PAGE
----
LLOYD BRODRICK (Australia) said that his Government was deeply concerned at the loss of life in recent weeks in the West Bank and parts of Israel. The cycles of provocation, violence and retribution that had occurred were deplorable. All communities involved must seek to establish the mutual trust and confidence necessary for peaceful co-existence.

A cease-fire had to be put in place to stop the deaths and injuries and act as a barrier to future violence. A negotiated agreement was the only way to create a just and lasting peace.

DAVID LITTMAN, of the Association for World Education, said that after this morning's auspicious breakthrough in negotiations at Sharm El Sheikh, which had not been mentioned by the speaker for Egypt, now was the time for both sides to return to the negotiating table and complete a peace agreement by year's end. There should be no more sterile resolutions. The ship of peace should be guided to a safe haven that was still visible on the horizon.

He wished to repeat the suggestion first made here ten years ago, in 1990, for establishment of a unified group of countries in the Middle East based on democratization and respect for human rights. The massive recent violence was a catastrophe. When would the Commission make it clear that children should never be allowed to participate in violence of any kind? One of the prime causes of the violence, and the violence against children, was the systematic use by the Palestinian educational system of material aimed at inciting children to be warlike, even to be martyrs and to commit suicide in the ongoing conflict. Textbooks used in the schools called for destruction of Israel and for violent confrontation.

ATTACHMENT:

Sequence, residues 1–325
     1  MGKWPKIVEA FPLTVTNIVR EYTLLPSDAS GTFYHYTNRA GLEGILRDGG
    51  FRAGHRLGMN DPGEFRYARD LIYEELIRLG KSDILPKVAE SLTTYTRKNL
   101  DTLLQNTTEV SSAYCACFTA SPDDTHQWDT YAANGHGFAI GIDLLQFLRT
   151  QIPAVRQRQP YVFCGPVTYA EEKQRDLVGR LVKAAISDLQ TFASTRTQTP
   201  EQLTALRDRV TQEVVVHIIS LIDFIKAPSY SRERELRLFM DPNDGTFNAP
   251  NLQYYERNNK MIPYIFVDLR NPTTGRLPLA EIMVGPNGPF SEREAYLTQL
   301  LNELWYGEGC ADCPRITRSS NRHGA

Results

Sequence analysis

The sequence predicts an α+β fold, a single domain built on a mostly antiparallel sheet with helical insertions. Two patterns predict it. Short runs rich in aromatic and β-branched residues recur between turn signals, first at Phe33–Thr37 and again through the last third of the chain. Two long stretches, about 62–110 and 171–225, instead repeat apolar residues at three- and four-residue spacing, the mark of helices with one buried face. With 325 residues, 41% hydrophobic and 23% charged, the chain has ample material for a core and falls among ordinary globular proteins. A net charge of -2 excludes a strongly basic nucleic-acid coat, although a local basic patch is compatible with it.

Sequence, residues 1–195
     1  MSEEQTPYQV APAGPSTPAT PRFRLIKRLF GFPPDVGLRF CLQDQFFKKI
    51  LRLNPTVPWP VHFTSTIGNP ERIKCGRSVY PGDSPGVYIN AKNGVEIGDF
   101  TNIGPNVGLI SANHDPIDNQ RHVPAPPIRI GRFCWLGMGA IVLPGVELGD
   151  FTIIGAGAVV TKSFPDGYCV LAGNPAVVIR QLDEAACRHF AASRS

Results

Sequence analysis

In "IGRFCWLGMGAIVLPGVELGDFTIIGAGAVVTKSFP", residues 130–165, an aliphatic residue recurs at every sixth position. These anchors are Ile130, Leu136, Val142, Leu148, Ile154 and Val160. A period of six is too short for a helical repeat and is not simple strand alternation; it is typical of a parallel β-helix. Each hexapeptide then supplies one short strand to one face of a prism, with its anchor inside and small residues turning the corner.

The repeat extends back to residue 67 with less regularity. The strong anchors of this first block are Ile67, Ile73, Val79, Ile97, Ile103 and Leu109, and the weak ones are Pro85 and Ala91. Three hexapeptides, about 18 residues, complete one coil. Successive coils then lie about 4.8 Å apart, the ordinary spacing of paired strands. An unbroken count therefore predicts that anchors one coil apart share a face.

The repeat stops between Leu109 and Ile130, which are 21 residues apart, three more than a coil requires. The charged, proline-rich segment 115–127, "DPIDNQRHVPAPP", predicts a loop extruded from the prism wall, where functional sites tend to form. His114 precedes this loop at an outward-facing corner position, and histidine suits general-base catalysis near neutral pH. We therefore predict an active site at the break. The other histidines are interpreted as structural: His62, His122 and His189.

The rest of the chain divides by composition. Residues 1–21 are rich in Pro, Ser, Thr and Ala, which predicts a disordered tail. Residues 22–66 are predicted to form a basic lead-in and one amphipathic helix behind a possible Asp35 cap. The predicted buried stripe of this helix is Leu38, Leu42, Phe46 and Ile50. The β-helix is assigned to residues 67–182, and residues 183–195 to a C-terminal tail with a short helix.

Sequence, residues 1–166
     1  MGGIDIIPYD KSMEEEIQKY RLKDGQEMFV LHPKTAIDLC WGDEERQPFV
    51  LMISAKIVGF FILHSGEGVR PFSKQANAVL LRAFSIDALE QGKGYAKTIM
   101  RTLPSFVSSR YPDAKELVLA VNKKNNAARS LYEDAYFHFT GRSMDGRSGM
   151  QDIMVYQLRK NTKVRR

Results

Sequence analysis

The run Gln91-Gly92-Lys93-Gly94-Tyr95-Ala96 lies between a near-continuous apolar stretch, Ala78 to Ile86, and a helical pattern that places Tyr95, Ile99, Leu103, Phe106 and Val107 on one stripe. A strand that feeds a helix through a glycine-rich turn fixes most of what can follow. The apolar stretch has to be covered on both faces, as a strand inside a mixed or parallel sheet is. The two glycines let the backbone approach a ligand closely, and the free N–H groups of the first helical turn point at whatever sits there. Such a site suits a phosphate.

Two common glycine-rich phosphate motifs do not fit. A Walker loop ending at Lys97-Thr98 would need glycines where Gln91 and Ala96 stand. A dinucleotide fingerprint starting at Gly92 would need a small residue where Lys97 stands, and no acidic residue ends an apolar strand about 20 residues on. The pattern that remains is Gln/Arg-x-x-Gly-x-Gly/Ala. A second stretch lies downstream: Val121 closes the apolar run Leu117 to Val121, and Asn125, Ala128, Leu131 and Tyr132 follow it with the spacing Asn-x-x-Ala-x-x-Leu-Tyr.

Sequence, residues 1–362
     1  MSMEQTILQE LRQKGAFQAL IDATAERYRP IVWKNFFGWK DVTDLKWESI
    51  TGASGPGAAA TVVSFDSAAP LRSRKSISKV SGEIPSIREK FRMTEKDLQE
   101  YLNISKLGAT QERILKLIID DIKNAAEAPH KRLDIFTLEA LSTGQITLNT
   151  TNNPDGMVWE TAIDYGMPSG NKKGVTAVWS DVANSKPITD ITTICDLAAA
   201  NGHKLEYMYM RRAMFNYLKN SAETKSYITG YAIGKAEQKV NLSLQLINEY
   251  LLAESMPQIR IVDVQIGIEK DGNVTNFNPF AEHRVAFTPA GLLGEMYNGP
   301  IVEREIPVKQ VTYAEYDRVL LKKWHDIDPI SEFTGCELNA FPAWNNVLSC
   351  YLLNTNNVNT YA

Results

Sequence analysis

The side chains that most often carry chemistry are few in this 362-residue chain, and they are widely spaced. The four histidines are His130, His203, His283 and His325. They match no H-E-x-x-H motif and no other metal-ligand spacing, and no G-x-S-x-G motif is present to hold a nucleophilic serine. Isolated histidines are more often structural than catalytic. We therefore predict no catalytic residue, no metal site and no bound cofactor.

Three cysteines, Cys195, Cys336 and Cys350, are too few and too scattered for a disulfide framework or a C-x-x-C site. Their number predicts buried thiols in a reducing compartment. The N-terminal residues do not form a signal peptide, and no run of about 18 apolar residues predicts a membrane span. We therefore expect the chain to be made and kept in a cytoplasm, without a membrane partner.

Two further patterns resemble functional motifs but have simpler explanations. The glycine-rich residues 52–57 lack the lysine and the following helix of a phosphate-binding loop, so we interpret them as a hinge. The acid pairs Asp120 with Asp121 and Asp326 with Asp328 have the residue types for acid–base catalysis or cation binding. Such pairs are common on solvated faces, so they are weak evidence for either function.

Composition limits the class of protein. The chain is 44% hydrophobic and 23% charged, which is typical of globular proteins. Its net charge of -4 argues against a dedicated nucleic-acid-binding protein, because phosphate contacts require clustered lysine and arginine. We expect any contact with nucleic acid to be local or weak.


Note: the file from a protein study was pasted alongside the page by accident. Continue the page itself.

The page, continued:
DANIEL LACK, of the World Jewish Congress, in a joint statement with the International Association of Jewish Lawyers and Jurists, said that a statement by President Clinton of the United States that there was a renewal of talks between the Palestinians and the Israel was a great hope for future peace.

He regretted the destruction of Jewish sacred places by the Palestinians. Tragic deaths had occurred of late on both sides of the conflict. Globally, threats had been made to Jewish holy places, and this deserved further attention by the Commission. A great concern was the current alliance between the Palestinian Authority and the Fatah groups and Hamas terrorists. These groups were determined to destroy Israel, in violation of Article III of the Genocide Convention. There was also concern about the use of children by the Palestinian authorities during the conflict, which was a violation of the International Covenant on Civil and Political Rights.

The Palestinian Authority should end the violence and return to the negotiating table to secure a peaceful future for all people in the region.